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Along The Way, Lessons Learned

By Staff | Nov 15, 2017

Each of us, most likely, has been influenced by teachers. They are those people who chose to make educating others their life’s work. In school, teachers taught us how to read and write, as well as to understand our country’s history. Beyond the fundamentals of our book learning education, they also helped to shape us to become the people we are today.

For myself, I believe the most important things I remember were lessons not in the books – things that, in many ways, helped to guide my life. It took me a long time to understand the importance of life’s lessons that went beyond the class room.

In the early sixties, Mr. Rupert Shreve was my science teacher. I don’t remember the exact year, but I know he taught at the old Central Grade school. By chance, a few years ago, I met one of his daughters. We were waiting for jury duty, and I described a teacher who made a big influence in my life. When I mentioned his name, the lady turned and explained the teacher was her father. I also learned that Mr. Shreve had passed away in 199.

When I decided to write this story, I realized I wanted to know a little more about the man. I wanted to know who he was as a person. I contacted his family and they were very helpful in telling me about the man they knew. Mr. Shreve graduated in 1935 from Smithfield High School. He went on to West Liberty and graduated from Salem College. Gained his Masters from WVU. He also was a member of the United States Army Air Corps. Mr. Shreve married Amanda Horner and they had three children, Karen, Robert and Peggy. He began his teaching career in a one-room school in Archer Fork. I learned he had a diverse life in many different careers. But, I believe he enjoyed being a science teacher most of all.

That fact is why I remember him to this day, and believe he made a difference in my life. Mr. Shreve had a way of teaching that went beyond the books. He showed me science could be found all-around us, and its wonders were what made life an adventure.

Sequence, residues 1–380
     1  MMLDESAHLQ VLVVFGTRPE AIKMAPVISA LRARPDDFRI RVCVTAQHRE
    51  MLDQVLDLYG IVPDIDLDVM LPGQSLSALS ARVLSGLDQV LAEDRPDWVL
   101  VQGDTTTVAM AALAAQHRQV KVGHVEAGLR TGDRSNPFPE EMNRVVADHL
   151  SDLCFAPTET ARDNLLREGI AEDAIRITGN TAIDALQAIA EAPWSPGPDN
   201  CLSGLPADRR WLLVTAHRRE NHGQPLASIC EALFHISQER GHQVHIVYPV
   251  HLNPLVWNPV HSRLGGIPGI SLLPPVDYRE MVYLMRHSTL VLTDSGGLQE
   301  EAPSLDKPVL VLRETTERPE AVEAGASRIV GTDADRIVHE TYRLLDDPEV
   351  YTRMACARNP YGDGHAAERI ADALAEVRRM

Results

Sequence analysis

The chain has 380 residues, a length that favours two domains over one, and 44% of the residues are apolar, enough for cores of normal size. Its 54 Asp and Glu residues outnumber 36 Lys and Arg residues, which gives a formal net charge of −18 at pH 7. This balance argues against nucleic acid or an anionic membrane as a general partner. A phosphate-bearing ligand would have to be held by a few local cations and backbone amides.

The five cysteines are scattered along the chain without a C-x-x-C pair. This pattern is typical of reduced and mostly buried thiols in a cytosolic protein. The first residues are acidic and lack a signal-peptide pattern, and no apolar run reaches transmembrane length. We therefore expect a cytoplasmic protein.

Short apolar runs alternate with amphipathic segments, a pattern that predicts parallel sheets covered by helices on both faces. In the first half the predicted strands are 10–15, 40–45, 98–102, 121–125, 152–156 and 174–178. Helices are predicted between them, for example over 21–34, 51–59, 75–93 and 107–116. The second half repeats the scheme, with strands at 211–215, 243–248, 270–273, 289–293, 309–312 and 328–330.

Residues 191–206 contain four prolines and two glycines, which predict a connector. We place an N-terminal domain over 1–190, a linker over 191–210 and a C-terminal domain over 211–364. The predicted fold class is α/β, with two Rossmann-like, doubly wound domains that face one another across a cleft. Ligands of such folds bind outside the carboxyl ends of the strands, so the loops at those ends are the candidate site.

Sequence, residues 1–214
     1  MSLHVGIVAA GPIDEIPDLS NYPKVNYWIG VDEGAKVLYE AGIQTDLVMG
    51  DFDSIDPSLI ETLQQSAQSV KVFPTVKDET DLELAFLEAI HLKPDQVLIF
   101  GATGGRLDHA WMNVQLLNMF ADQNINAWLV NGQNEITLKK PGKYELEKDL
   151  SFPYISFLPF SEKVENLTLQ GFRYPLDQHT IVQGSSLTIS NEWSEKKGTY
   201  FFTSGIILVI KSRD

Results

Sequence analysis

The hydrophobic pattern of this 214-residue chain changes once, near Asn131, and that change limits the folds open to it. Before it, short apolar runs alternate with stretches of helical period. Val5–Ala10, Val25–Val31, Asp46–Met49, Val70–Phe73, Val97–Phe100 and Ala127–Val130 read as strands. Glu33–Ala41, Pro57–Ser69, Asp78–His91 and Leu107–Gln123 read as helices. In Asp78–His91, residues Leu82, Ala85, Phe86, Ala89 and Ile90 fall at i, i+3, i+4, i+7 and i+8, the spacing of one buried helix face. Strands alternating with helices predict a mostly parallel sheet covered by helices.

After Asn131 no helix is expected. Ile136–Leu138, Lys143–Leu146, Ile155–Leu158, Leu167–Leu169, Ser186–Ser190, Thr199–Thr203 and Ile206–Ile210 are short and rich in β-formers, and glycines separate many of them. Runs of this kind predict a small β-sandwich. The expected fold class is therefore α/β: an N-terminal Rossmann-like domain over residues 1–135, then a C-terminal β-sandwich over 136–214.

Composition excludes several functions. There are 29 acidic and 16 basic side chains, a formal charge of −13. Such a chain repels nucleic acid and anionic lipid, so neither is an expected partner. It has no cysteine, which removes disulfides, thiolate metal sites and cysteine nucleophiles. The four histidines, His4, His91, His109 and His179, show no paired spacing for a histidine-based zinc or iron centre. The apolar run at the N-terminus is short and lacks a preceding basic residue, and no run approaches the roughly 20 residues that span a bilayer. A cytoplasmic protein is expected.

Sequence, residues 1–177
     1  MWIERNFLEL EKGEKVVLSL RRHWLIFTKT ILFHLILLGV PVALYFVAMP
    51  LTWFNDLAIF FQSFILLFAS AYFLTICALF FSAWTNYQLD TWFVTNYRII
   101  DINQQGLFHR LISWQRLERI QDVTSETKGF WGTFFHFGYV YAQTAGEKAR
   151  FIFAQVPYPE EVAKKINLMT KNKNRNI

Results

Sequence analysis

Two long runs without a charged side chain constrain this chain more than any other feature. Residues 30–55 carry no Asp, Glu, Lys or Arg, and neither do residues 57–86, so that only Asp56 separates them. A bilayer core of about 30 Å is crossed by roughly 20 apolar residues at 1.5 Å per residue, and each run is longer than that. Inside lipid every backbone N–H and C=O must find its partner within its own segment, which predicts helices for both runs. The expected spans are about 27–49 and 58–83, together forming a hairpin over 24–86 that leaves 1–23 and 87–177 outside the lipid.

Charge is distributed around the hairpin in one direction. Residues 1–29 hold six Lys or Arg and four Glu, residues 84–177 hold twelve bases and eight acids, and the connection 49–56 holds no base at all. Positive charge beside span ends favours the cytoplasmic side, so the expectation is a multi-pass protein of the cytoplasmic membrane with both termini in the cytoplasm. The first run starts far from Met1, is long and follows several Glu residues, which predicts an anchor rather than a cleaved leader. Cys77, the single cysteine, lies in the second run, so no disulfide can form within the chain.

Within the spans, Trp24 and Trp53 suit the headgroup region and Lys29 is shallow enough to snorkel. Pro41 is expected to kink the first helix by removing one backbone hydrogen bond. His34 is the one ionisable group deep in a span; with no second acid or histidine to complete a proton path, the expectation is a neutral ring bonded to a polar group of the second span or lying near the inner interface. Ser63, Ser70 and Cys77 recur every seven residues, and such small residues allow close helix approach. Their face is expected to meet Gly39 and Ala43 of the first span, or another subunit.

He taught me that the human body is complex and has many mysteries. To illustrate this point, he held a watch in his hand, (a wind-up watch). As he held it, he explained about the body’s ability to create magnetism. Everyone’s body produces tiny amounts of electricity from their nervous system. In Mr. Shreve, this electrical field was strong. By holding the watch, his body’s magnetic field stopped its movements. Another time, in his class, he showed us a jar of water from the fountain. He placed a drop on a microscope slide and asked each of us to look at it through the eye piece. We saw nothing in the drop of water. He then took the water and placed dry straw into it. A few days later he repeated the process and we each again looked into the microscope. This time, we saw a world of strange living creatures. In one of his classes, he asked us to go outside that evening and look up at the night sky. The next day he explained the light, we each saw, began its journey at the same time Christopher Columbus set out for the new world. I must confess, it took me a few more years to completely understand all that he taught me.